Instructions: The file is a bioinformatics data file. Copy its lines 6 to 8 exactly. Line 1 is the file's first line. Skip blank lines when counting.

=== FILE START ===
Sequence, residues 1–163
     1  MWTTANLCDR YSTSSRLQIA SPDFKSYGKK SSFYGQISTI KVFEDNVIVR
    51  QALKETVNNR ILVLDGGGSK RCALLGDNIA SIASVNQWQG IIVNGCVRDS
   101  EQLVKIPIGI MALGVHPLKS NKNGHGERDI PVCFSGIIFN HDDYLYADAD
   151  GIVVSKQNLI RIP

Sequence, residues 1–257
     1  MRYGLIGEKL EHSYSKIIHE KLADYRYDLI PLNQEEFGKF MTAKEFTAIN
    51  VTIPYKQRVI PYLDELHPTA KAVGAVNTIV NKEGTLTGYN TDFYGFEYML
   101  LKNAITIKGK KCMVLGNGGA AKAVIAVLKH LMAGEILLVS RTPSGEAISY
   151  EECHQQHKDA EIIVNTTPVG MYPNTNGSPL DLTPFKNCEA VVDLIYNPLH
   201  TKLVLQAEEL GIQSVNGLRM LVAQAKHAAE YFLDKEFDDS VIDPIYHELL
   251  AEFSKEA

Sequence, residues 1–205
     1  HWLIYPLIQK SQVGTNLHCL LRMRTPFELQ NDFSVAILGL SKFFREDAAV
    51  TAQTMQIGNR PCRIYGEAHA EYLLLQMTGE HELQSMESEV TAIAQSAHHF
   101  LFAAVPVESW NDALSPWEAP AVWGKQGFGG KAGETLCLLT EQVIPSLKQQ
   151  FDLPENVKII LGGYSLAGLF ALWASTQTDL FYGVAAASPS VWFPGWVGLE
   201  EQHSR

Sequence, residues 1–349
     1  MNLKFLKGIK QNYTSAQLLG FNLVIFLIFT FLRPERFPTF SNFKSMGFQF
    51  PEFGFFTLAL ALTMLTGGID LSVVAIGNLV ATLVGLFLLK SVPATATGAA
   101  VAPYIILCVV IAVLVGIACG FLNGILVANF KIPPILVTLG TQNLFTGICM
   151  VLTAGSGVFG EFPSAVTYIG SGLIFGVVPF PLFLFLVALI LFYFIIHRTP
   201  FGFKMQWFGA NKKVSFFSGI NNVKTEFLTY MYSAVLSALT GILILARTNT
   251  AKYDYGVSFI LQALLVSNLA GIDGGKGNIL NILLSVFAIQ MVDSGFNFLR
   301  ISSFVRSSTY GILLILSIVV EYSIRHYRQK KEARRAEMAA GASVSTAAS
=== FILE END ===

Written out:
Sequence, residues 1–257
     1  MRYGLIGEKL EHSYSKIIHE KLADYRYDLI PLNQEEFGKF MTAKEFTAIN
    51  VTIPYKQRVI PYLDELHPTA KAVGAVNTIV NKEGTLTGYN TDFYGFEYML